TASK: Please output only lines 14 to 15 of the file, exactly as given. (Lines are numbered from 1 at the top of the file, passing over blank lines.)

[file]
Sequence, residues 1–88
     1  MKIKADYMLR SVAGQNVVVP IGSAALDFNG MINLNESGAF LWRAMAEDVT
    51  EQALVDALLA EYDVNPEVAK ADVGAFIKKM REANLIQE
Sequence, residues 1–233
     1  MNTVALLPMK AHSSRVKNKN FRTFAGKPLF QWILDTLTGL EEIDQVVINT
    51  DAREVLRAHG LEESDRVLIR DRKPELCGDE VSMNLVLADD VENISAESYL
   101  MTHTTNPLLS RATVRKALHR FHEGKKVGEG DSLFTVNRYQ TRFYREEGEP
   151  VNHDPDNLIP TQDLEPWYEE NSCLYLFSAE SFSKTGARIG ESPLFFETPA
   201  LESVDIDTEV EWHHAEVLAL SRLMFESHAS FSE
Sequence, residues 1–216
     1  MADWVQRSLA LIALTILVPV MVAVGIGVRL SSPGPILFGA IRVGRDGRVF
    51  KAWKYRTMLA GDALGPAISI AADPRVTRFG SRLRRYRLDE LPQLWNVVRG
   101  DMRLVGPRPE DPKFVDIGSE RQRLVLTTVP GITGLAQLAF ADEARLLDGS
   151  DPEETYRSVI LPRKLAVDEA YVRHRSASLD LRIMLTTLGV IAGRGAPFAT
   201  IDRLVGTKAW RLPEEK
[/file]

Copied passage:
   151  DPEETYRSVI LPRKLAVDEA YVRHRSASLD LRIMLTTLGV IAGRGAPFAT
   201  IDRLVGTKAW RLPEEK